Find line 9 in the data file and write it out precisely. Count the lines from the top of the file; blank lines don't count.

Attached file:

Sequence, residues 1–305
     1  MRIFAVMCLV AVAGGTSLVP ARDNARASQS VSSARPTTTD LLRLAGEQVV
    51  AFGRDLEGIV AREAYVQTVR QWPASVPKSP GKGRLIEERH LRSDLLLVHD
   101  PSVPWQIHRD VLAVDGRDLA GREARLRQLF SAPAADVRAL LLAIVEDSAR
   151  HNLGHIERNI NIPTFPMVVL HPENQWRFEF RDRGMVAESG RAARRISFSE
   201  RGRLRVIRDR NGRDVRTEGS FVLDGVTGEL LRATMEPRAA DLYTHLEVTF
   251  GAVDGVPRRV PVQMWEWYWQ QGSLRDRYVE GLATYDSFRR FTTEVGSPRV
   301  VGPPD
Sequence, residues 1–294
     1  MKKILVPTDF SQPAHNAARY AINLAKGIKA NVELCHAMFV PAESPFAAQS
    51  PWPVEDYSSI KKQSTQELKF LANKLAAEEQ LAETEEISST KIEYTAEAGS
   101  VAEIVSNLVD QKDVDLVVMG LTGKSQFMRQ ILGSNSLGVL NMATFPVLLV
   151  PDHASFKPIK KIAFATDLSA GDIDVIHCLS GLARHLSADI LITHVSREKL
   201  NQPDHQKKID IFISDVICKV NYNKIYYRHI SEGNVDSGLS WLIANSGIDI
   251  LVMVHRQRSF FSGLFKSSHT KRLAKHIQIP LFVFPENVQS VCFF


Sequence, residues 1–294